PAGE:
When Siam became Thailand

History Siam Thailand Passport

Around a thousand years ago, people who spoke a language from the Tai group settled in what is now Thailand. The Sanskrit word syam is where the name Siam originated. The Portuguese used it starting in the sixteenth century, and it eventually became a widely used geographical term. Kingdoms came and went, but starting in the 1780s, the Bangkok-based Chakri dynasty reigned over all of Siam. In the late 19th and early 20th centuries, they expanded their dominion into portions of current Laos, Cambodia, and Malaya, but they were compelled to cede those lands to the French. Siam Thailand Passport

A radical People’s Party was founded in 1927. One of its founders was an army officer by the name of Phibun (full name Luang Phibunsongkhram), who in 1932 assisted in leading a coup against the Chakri king and installed a government with a parliament that was more like western democracy. The monarchy continued, but Phibun became the dictator in 1938. He renamed the nation Thailand and was a fervent nationalist and modernizer.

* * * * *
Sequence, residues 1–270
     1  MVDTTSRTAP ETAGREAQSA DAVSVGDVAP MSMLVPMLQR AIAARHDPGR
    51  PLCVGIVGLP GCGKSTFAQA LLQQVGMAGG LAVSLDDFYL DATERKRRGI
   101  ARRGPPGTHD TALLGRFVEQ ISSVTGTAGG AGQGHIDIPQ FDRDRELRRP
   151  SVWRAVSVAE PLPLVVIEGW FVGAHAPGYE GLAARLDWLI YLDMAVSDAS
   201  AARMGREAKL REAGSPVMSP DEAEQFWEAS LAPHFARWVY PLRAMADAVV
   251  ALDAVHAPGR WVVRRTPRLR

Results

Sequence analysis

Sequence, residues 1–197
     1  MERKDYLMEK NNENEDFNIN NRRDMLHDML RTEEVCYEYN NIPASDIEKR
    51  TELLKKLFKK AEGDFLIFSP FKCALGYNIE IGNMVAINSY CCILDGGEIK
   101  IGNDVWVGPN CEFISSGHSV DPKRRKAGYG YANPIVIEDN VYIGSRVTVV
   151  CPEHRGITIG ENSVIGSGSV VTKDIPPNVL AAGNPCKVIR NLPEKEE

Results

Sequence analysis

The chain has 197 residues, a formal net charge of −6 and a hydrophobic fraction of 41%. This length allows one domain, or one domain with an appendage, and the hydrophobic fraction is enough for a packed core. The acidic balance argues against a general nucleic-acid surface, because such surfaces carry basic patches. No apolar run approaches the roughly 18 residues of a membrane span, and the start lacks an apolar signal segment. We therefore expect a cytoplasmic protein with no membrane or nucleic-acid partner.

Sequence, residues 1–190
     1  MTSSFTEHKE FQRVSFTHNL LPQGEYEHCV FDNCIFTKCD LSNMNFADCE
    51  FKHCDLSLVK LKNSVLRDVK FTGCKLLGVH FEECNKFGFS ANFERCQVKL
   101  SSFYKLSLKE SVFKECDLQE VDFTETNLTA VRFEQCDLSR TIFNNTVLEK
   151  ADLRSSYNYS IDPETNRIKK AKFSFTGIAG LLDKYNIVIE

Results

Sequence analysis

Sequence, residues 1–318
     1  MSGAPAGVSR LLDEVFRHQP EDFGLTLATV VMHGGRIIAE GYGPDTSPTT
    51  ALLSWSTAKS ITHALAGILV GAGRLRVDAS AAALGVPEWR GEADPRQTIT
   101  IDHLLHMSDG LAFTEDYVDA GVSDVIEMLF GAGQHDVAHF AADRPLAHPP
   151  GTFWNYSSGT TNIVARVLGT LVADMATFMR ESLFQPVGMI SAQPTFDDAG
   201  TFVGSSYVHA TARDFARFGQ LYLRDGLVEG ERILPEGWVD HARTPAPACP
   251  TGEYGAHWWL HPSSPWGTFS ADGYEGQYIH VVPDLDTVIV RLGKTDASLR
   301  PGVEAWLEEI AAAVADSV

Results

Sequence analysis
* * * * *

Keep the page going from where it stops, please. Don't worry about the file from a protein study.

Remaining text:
Phibun’s resolve to modernize his people while also highlighting their distinctive individuality led to the transformation. The motto “Thailand for the Thai,” was an anti-Chinese action. There were many profitable Chinese enterprises and a large number of Chinese people living there, but Phibun reduced Chinese immigration and established Thai firms with government support while restricting the use of Mandarin in Chinese schools to just two hours per week. Phibun mandated that Thais dress in Western-style, including caps, and Thailand adopted the Western calendar while also creating a new flag and national anthem. Siam Thailand Passport

In the Second World War, Thailand was allied with Japan, and Phibun was forced to retire in 1944. However, in 1948, he came back to power with the support of the military, and the army ruled Thailand with assistance from the US. In 1957, opponents eventually forced out Phibun. He withdrew to Japan, where he passed away in 1964 at the age of 66.

The Passport

As Siam was officially renamed Thailand on 23 June 1939, this passport is a curious case as the document was issued in 1947 in Bangkok to a couple. The passport was valid for two years and has a hardcover. I have seen 2-3 Siam types and all had a softcover.
Siam Thailand Passport

FAQ Passport History